Analysis: When compared to the uphill section, We can see Manuel has gone from averaging 117-130bpm to now holding 144bpm. Manuel has made the decision to push a touch harder on the downhills as he has additional energy from not exhausting the uphill section. Manuel averaged 4:02/km pace. The lead is shrinking and Manuel is inching closer.
Checkpoint #5 (19.6-22 Kilometers)
The halfway point of the race makes up Checkpoint #5. Hitting the tallest peak on the course, athletes are firmly into their strategy now and performing internal self-checks to see how their tactics are performing on race day. Remi Bonnet has gone out flying and it’s clear that his strategy is to push the uphills. Re-securing the lead, he has maintained his gap, but Manuel is continuing to take the uphills easier and has let the lead grow to 3:31.
Analysis: Manuel is controlling his uphill efforts and saving his energy for the downhill sections. During this section Manuel has allowed his heart rate to reduce to 140bpm.
Checkpoint #6 (22-23.2 Kilometers)
A small valley on top of two peaks, this section is short, but at a high altitude. Athletes that didn’t over-extend are going to be able to make up time here as they can push on the flatter terrain. Remi Bonnet maintains the lead, but his lead has shrunk and Manuel has brought back some time and now is only 2:29 behind.
Analysis: Manuel is pushing the flats and downhills. He has lifted his heart rate to 152bpm which is creeping into his Aerobic Power zone and eating time into his competition. Manuel averaged 6:01/km over this duration.
Checkpoint #7 (23.2-26.6 Kilometers)
Game on! Following this section of the course, there are only 15 kilometers left to the Txapela & Axe! Sitting 2:10-2:30 into the race, anyone that has extended their efforts early are going to feel the effects. For those who waited, it’s time to push. Past leader Remi Bonnet has dropped back on the downhill to recover and now sits in 4th. Robert Pkemoi takes over the lead coming through in 2:29:59. Manuel has jumped to 5th 1:53 behind.
Analysis: It’s go time for Manuel. Recording the highest average heart rate so far, Manuel is pushing Threshold on the downhill sections! The effort has resulted in an average pace of 4:49/km.
Checkpoint #8 (26.6-28.5 Kilometers)
Jon Albon was able to overtake Robert Pkemoi and now owns the title of leader on course! While there was a shift in the lead, there was a move being made just a few hundred meters behind! Manuel has again decided to push on a flatter section and has worked his way up into 4th. Sitting only 39 seconds behind Jon, Manuel is now into 4th position and can see all of the virtual podium competitors.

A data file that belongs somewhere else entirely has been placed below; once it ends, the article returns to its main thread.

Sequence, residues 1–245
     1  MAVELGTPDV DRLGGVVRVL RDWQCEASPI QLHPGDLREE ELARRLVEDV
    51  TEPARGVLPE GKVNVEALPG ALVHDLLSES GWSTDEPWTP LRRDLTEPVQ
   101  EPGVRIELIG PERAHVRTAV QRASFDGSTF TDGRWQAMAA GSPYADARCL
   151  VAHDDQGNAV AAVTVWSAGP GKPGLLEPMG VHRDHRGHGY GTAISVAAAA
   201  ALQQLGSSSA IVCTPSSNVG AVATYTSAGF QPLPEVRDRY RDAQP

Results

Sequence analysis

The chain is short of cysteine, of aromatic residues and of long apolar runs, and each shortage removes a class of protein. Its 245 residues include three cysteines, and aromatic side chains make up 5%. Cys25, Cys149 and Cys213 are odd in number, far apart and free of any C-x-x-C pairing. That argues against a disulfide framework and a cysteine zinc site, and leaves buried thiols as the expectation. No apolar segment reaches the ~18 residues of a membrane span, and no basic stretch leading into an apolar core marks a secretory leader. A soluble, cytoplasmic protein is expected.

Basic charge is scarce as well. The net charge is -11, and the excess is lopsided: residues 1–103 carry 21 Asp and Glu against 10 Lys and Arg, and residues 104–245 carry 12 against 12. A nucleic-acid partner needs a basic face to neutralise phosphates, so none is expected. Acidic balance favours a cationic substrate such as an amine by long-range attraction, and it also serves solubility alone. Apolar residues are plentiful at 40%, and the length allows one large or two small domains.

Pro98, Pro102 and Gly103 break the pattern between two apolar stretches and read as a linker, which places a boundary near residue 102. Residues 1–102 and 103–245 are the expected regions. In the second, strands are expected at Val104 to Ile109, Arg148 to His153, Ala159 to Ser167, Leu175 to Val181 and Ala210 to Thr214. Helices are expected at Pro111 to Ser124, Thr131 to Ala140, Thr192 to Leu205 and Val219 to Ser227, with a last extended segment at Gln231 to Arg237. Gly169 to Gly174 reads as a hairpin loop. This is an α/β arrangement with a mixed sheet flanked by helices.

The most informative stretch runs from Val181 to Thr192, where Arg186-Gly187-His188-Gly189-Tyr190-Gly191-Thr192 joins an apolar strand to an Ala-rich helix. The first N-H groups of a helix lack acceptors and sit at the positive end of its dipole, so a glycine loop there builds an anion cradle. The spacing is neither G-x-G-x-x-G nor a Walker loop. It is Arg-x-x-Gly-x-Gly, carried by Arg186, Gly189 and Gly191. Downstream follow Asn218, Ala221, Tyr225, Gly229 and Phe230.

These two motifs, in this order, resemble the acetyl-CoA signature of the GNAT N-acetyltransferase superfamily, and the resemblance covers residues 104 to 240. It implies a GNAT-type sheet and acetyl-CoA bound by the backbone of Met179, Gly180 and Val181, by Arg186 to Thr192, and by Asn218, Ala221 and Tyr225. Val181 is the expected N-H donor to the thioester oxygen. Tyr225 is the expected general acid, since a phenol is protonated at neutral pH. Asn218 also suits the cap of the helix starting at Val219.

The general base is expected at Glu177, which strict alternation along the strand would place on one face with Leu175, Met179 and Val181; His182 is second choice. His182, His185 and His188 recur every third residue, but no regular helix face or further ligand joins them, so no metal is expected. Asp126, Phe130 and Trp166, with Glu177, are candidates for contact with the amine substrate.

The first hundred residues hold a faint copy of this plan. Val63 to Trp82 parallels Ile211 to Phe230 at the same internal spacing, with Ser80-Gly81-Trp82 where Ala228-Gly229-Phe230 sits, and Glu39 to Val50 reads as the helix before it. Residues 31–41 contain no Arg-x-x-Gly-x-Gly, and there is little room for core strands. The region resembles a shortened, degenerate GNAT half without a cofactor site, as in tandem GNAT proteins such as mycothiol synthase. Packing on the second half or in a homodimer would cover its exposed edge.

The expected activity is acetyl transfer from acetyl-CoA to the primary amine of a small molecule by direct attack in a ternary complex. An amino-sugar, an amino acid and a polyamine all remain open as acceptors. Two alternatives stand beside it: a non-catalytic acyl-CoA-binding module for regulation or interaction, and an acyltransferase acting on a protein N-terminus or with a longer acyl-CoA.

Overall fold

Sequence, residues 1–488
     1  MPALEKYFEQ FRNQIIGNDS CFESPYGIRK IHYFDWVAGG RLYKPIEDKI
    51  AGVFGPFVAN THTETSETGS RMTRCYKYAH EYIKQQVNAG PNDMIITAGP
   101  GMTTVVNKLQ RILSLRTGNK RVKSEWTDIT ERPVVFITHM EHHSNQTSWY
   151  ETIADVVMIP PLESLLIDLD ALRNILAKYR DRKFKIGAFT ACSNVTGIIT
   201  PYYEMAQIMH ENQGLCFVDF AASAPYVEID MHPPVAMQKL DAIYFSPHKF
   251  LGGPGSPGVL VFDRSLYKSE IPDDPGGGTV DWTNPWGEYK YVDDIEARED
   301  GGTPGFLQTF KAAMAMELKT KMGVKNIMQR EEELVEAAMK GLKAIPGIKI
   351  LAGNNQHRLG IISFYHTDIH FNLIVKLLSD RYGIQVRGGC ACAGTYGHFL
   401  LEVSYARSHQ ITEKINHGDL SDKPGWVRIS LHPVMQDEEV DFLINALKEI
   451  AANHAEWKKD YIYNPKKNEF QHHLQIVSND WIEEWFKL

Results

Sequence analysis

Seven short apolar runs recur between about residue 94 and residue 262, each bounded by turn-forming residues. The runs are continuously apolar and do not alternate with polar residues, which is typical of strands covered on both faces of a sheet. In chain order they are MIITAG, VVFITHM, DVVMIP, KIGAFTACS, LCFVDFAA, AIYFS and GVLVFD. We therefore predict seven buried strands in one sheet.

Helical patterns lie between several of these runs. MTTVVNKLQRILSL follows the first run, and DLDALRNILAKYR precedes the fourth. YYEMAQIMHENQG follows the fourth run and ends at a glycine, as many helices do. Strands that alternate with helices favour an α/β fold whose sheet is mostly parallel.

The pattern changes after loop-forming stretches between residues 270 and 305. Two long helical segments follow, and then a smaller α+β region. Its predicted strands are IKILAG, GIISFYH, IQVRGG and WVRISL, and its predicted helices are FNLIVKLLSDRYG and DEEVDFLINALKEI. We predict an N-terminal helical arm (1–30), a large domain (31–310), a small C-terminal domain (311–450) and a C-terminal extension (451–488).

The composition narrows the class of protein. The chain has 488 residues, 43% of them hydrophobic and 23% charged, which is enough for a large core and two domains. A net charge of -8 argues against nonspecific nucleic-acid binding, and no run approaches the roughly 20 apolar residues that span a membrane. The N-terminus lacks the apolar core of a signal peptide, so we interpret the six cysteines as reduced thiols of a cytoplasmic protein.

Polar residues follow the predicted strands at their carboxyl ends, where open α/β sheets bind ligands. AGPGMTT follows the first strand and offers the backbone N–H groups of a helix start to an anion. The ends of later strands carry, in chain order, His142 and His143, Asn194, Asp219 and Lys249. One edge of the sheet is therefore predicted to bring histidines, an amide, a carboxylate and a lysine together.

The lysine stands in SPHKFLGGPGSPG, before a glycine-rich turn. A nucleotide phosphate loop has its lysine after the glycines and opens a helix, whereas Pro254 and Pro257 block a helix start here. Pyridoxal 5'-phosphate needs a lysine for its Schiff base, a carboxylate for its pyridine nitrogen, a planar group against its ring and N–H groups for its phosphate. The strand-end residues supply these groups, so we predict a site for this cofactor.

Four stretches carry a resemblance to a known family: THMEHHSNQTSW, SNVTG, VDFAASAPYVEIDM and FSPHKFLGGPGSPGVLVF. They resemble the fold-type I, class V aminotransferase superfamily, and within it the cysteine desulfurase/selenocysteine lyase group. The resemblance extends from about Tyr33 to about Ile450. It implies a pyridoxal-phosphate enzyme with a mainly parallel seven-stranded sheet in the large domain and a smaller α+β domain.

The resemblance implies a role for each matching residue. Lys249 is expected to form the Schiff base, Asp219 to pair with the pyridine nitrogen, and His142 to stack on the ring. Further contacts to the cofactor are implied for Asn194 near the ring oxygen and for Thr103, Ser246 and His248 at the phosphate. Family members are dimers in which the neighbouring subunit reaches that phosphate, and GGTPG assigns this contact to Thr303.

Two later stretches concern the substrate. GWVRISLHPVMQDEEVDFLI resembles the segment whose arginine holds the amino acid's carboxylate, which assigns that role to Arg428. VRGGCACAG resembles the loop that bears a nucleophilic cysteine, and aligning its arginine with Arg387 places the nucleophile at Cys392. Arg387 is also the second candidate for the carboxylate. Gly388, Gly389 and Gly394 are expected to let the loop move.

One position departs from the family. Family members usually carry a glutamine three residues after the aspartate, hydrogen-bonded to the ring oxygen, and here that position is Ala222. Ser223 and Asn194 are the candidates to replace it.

Analysis: Manuel is going for it. Holding an average heart rate of 173bpm, this is the highest it’s been so far within the race.
Checkpoint #9 (28.5-30 Kilometers)
30 Kilometers in and another athlete has entered the mix fighting for the lead. Elhousine Elazzaoui is now only 11 seconds behind leader Jon Albon. With this being an uphill section, Manuel has backed off the pace again and remains in 4th place 46 seconds back. Well within striking distance as the remaining portion of the race is a net downhill.
Analysis: Manuel continues to push only as hard as needed on the uphills to maintain contact. Running at an average pace of 7:58/km, he gave up 7 seconds total from the past timing mat.
Checkpoint #10 (30-34.2 Kilometers)
We have a new leader! Manuel Merillas has jumped into the lead on the downhill run to the finish. Sitting only 3 seconds behind him is Elhousine Elazzaoui hot on his heels. As the race has gone, it’s remarkable to see the approach all athletes take as they race to their strengths. Elhousine has remained steady all race, and Manuel has allowed gaps to open on uphills as he trusts his downhill abilities as a runner. We are now less than 7.5 km to the finish and its going to be a fight to the end!
Analysis: To no surprise, Manuel’s heart rate jumps above 160bpm again and averaged out at 164bpm. Not only this, but on technical terrain, Manuel is averaging 3:59/km Effort Pace as he speeds down the mountain.
Checkpoint #11 (34.2-37.8 Kilometers)
We have reached the part of the race where metrics are less meaningful, and its down to internal dialogue and mental toughness. Manuel holds a 4 second lead over Elhousine and the gap to Jon Albon has now hit 1 minute 36 seconds. Behind Jon is 4th place Remi Bonnet another 4:17 seconds down. The podium is set, but who is going to come out on top?
Analysis: The downhill ability of Manuel continues to pull ahead. As noted above, we now have only 4 kilometers to the finish and it’s about digging deep.
Zegama Finish Line
This is absolutely incredible! Having paced his race to perfection, Manuel Merillas crossed the line as the 2023 Zegama Champion! Following 27 seconds behind was Elhousine Elazzaoui and in third place with an incredible effort is Jon Albon!
Analysis: Manuel Merillas hits 186pm as he surges towards the line. With 2 kilometers left in the race, Manuel lifted his effort and surged for 10 minutes while holding a 183+ heart rate. This is well into Manuel’s VO2 range and at times even exceeded this. Relying on his pacing and early season base build, he had the energy and ability to surge for this world class victory!
COROS Training And Performance
We want to give a special shoutout to Manuel Merillas on his incredible training and race day performance. Utilizing specific training and tracking of their metrics, Manuel continues to improve as an athlete and push his own personal limits. By following tools such as Base Fitness, Effort Pace, and Heart Rate strategies, Manuel was able to secure the top step in one of the most prestigious trail events in the world!
For all COROS athletes, they have the ability to train and track all meaningful metrics to help them on their next road to the start line. Whether you’re looking to improve your overall fitness, or dial in your race day strategy, COROS is here every step of the way as you head out on your next journey to explore perfection!